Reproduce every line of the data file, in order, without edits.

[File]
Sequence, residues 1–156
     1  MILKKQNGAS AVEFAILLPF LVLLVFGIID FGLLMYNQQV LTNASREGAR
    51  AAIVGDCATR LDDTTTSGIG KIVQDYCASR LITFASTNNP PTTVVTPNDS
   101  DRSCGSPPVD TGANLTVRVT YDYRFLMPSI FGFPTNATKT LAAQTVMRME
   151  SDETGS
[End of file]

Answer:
Sequence, residues 1–156
     1  MILKKQNGAS AVEFAILLPF LVLLVFGIID FGLLMYNQQV LTNASREGAR
    51  AAIVGDCATR LDDTTTSGIG KIVQDYCASR LITFASTNNP PTTVVTPNDS
   101  DRSCGSPPVD TGANLTVRVT YDYRFLMPSI FGFPTNATKT LAAQTVMRME
   151  SDETGS